Staff Publications

Staff Publications

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    'Staff publications' is the digital repository of Wageningen University & Research

    'Staff publications' contains references to publications authored by Wageningen University staff from 1976 onward.

    Publications authored by the staff of the Research Institutes are available from 1995 onwards.

    Full text documents are added when available. The database is updated daily and currently holds about 240,000 items, of which 72,000 in open access.

    We have a manual that explains all the features 

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European interlaboratory comparison of Schmallenberg virus (SBV) real-time RT-PCR detection in experimental and field samples: The method of extraction is critical for SBV RNA detection in semen
Schulz, C. ; Poel, W.H.M. van der; Ponsart, C. ; Cay, A.B. ; Steinbach, F. ; Zientara, S. ; Beer, M. ; Hoffmann, B. - \ 2015
Journal of Veterinary Diagnostic Investigation 27 (2015)4. - ISSN 1040-6387 - p. 422 - 430.
Molecular methods for the detection of Schmallenberg virus (SBV) RNA were rapidly developed after the emergence of this novel orthobunyavirus in Europe. The SBV epizootic wave has declined, but infectious SBV in SBV RNA–positive semen remains a possible risk for the distribution of SBV. However, the abilities of SBV molecular detection methods used at European laboratories have not yet been assessed, to our knowledge. The performances of extraction and real-time reverse transcription polymerase chain reaction (RT-qPCR) methods used at 27 German and 17 other European laboratories for SBV RNA detection in the matrices of whole blood, serum, tissue homogenate, RNA eluates, and bovine semen were evaluated in 2 interlaboratory trials with special emphasis on semen extraction methods. For reliable detection of viral genome in bovine semen samples, highly effective extraction methods are essential to cope with the potential inhibitory effects of semen components on PCR results. All methods used by the 44 laboratories were sufficiently robust to detect SBV RNA with high diagnostic sensitivity (100%) and specificity (95.8%) in all matrices, except semen. The trials demonstrated that the published recommended semen extraction methods (Hoffmann et al. 2013) and a combination of TRIzol LS with an alternative extraction kit have a considerably higher diagnostic sensitivity to detect SBV RNA in semen up to a detection limit of Cq ≤35 compared to other extraction methods used. A thorough validation of extraction methods with standardized semen batches is essential before their use for SBV RNA detection in bovine semen.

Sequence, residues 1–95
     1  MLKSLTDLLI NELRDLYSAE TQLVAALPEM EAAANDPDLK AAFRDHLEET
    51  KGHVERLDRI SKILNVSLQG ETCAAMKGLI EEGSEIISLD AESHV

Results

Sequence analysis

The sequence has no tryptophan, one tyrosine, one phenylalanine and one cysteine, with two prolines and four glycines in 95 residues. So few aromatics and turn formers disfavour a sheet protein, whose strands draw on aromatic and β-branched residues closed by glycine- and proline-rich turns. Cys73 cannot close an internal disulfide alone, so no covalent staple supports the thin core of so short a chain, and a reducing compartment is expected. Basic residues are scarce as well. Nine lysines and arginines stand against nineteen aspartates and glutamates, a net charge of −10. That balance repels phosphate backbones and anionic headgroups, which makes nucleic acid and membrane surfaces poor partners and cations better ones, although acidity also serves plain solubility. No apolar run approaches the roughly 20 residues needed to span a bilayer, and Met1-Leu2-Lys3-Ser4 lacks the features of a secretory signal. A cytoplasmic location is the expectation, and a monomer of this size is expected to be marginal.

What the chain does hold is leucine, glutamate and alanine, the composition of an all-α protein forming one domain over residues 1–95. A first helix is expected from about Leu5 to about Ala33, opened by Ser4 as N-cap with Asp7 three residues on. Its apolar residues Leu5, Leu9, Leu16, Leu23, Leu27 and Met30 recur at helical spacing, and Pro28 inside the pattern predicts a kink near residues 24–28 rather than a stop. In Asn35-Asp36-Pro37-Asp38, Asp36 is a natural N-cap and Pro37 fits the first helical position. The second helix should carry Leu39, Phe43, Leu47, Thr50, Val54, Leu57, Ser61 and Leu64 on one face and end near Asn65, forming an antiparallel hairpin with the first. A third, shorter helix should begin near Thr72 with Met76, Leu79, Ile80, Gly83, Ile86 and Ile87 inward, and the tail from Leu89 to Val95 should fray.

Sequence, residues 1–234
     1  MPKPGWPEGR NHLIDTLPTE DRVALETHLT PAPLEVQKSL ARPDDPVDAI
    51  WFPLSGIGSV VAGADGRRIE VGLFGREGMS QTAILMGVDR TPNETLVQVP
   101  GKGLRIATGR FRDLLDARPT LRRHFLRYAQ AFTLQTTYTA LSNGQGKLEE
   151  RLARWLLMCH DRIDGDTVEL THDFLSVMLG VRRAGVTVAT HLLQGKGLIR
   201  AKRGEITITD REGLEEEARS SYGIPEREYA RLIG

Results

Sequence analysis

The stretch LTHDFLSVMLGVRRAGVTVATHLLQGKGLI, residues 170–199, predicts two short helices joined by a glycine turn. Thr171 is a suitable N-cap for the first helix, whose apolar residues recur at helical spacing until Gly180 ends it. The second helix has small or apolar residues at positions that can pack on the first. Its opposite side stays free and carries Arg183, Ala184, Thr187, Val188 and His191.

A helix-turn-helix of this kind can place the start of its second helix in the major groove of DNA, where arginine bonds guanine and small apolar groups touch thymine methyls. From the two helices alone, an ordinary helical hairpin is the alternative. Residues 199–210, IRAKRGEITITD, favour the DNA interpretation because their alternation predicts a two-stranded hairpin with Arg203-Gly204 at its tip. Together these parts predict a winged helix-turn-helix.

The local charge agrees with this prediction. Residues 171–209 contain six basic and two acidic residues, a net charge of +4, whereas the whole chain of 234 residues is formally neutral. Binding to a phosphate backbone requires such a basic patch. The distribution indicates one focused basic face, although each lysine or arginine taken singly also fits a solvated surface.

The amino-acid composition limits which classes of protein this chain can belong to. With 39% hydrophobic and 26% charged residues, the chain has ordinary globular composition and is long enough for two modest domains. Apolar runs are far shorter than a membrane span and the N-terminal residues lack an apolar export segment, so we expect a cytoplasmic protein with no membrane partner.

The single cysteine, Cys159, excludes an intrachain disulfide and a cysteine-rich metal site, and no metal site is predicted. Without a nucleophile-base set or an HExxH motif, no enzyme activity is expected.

Limited interlaboratory comparison of Schmallenberg virus antibody detection in serum samples.
Poel, W.H.M. van der; Cay, B. ; Zientara, S. ; Steinbach, F. ; Valarcher, J.F. ; Botner, A. ; Mars, M.H. ; Hakze-van der Honing, R.W. van der; Schirrmeier, H. ; Beer, M. - \ 2014
Veterinary Record 174 (2014). - ISSN 0042-4900 - 3 p.
Eight veterinary institutes in seven different countries in Europe participated in a limited interlaboratory comparison trial to evaluate laboratory performances of Schmallenberg virus (SBV) antibody detection in serum. Seven different sheep sera and three different cattle sera were circulated, and all participating institutes were asked to test these sera using SBV antibody detection assay(s) in place in their laboratories. All laboratories within the trial performed a virus neutralisation test (VNT) as well as one or two ELISAs on all samples, and swiftly detected SBV antibodies using these assays. VNT was more sensitive in detecting SBV antibodies than several of the used ELISA assays. Based on the test results, one cattle and one sheep SBV antibody-positive serum were selected to serve as reference sera, which now can be supplied to other laboratories on request.
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